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Find the Planets

The dream of finding worlds beyond our solar system is now a reality. In 1992, 51 peg animation stillAlex Wolszczan and Dale Frail announced the landmark discovery of planets orbiting a distant pulsar. Three years later, Michel Mayor and Didier Queloz ended the long quest to detect a planet around a star like our own sun. The pace of discovery since then has been astounding -- heralding nearly a dozen new alien worlds.

Now you can join the planet hunt by locating some of the brighter stars with known planetary systems on a map of the sky. If conditions are right, you might even spot the actual stars in the night sky.

You Can't See Them -- But They're There

PulsarEven with the most advanced telescopes, astronomers cannot image the planets beyond our solar system directly. They see evidence for their existence in the wobble of stars pulled by their gravity. The movement is so subtle that it's difficult to detect visually. So, some astronomers look for periodic shifts in the frequency of a star's light -- using a technique called Doppler spectroscopy. Other scientists listen to distant pulsars for the telltale sign of an irregular beat.

Follow The Stars

The planets themselves may be impossible to see, but you can locate some of the stars at the heart of planetary systems. Knowing star names can point you in the right direction, because the name of a star often refers to its location within a constellation. For instance, 51 Pegasi, the first sun-like star to be found with an orbiting planet, lies in the constellation Pegasus.

Whether or not a star can be spotted easily in the night sky depends on its apparent brightness, or magnitude. Magnitude is signified by a numerical value, and the dimmer the star, the higher the number. The brightest star in the sky, Sirius, has a magnitude of -1.5, while stars with magnitudes higher than about 4 are difficult or impossible to perceive with the naked eye.

The stars listed below are just at the border of visibility with the naked eye. With our limited vision, we can locate their approximate place in the sky, using constellations to guide the way. But to clearly pinpoint these stars, you may need binoculars or a small telescope.

70 Virginis
magnitude: 4.97



This star, 78 light years away, lies on the border of the constellation Virgo. In January of 1996, Geoff Marcy and Paul Butler announced their discovery of a massive planet -- over six times the size of Jupiter -- orbiting 70 Virginis. The planet's surface temperature is estimated at 85 degrees Celsius, well within the range for liquid water. But the massive planet is likely a lifeless gas giant. If this alien world has moons, they may be more hospitable to life. Virginis See where Virgo lies on the Star Map.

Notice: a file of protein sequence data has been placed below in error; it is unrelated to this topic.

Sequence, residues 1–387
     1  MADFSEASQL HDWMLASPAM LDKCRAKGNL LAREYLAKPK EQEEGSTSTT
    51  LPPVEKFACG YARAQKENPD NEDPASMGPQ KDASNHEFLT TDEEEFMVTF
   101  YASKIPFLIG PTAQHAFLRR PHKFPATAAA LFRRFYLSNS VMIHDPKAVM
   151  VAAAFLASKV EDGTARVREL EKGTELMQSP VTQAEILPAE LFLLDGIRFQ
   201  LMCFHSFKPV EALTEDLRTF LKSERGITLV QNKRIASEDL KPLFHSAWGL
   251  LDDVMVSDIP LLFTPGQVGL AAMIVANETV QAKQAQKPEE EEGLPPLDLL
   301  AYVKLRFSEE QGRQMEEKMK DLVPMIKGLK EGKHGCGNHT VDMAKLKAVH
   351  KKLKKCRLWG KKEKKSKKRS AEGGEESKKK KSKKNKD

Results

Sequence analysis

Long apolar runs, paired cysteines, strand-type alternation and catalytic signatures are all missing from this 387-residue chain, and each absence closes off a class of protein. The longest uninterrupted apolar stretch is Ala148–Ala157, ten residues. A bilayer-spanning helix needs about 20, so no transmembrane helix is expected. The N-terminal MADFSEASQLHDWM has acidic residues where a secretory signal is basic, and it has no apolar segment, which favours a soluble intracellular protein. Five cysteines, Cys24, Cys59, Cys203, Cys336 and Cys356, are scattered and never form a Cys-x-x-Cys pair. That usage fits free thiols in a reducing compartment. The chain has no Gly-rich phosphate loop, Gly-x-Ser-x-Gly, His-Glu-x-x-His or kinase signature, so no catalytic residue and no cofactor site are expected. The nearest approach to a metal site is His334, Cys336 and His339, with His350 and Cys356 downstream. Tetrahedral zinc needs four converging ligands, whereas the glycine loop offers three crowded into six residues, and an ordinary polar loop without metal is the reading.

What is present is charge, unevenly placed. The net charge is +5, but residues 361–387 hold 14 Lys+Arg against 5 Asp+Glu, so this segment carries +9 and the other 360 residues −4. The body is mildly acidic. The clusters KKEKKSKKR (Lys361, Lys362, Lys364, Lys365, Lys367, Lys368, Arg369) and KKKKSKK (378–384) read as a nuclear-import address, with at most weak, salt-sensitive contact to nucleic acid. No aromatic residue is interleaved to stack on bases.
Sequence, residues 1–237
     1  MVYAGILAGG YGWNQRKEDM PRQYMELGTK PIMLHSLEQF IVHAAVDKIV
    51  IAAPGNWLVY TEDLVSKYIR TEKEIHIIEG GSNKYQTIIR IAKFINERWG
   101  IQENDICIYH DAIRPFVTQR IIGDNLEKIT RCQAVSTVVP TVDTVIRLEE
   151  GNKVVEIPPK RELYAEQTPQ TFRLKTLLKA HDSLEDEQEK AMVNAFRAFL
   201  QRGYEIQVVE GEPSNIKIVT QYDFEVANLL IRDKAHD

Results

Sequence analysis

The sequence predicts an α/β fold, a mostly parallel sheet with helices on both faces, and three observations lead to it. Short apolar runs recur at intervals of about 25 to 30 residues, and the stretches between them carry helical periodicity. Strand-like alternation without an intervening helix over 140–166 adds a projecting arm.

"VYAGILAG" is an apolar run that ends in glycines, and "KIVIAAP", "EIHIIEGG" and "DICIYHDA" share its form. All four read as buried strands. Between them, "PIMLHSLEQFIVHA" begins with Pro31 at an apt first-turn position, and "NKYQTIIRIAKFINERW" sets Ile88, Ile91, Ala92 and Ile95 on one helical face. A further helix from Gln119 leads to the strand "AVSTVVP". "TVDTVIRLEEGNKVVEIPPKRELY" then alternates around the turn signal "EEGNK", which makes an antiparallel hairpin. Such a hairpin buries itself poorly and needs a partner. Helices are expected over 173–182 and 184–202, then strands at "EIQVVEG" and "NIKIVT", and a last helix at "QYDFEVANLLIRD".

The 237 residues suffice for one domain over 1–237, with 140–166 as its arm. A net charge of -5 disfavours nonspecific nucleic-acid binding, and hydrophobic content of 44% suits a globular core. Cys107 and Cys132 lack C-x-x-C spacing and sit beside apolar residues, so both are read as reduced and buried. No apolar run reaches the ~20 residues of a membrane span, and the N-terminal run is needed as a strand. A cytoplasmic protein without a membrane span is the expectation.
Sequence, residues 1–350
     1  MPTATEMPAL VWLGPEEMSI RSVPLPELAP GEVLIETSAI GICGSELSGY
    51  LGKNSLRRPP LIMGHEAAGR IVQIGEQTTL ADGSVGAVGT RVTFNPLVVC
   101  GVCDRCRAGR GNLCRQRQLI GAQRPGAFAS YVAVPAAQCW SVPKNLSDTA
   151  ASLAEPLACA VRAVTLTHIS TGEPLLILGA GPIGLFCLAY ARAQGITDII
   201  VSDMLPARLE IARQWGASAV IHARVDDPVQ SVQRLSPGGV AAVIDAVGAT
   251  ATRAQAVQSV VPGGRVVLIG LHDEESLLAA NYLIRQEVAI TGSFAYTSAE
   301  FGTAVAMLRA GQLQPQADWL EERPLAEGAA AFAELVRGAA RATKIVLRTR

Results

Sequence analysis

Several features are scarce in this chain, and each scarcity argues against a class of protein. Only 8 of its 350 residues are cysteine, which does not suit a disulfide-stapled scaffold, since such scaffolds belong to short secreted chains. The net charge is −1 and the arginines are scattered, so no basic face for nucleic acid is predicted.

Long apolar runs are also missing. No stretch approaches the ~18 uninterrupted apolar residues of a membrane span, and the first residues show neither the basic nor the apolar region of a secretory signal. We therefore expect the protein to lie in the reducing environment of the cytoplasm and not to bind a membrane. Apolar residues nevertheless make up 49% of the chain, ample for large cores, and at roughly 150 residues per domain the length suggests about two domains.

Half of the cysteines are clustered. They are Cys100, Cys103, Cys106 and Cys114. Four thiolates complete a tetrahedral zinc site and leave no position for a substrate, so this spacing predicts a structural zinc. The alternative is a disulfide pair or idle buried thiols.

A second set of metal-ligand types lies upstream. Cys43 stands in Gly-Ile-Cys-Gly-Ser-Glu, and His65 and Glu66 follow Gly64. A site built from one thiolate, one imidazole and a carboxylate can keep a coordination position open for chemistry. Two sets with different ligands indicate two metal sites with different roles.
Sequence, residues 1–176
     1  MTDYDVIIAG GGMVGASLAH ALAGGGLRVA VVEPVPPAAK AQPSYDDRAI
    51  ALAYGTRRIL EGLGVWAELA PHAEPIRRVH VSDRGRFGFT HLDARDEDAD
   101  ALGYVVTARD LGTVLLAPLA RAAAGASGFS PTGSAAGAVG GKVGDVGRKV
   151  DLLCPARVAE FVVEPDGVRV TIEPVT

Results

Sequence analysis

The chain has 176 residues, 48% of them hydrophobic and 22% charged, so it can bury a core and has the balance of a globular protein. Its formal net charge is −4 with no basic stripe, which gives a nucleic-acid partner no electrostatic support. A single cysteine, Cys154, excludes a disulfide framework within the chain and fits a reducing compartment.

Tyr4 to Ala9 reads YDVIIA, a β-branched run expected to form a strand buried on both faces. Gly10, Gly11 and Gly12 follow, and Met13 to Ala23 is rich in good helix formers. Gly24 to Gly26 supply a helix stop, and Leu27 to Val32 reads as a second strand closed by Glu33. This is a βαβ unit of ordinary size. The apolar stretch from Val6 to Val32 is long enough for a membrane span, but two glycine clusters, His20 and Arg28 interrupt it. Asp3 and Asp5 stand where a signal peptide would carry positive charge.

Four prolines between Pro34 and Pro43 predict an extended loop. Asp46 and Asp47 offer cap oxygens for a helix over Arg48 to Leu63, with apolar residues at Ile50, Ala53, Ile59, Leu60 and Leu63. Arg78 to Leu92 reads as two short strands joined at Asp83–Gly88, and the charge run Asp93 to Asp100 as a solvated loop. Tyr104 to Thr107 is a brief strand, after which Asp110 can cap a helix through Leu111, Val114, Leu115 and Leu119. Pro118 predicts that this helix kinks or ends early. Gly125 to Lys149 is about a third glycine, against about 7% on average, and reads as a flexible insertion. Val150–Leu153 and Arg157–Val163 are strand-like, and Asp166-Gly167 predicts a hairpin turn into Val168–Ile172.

47 Ursae Majoris
magnitude: 5.05

Lying near the Big Dipper in the constellation Ursa Major, this star may be the easiest for amateur sky watchers to locate. Announced at the same time as 70 Virginis, its orbiting planet is a third the size and, with a surface temperature of -80 degrees Celsius, considerably cooler. The planet lies roughly twice as far from its parent star as the Earth does from the sun. Ursae Majoris See where Ursa Major lies on the Star Map.


51 Pegasi
magnitude: 5.49

When Mayor and Queloz first described the planet they had discovered around 51 Pegasi, many astronomers were stunned. It raced around its parent star in a 4.2 day orbit -- putting it 500 times closer to its star than the Earth is to the sun. This broiling world challenged previous notions of where a Jupiter-sized planet would be found.

Pegasi Pegasus, marked by its distinctive Great Square, is known as an autumn constellation. See where Pegasus lies on the Star Map.


55 Cancri
magnitude: 5.59

Geoff Marcy and Paul Butler were among the scientists surprised by 51 Pegasi. But in April of 1996, they found another massive planet orbiting close to its sun. The planet around 55 Cancri orbits every 14.76 days -- far more quickly than our own speedy Mercury.

Cancri See where Cancer lies on the Star Map.





Photo (1) copyright © John Whatmough, JTW Inc; (3) copyright © STScI/NASA. Visualization (2) produced by the Cornell Theory Center based on research by Alex Wolszczan, Penn State. Sky charts adapted from John Whatmough, JTW Inc.





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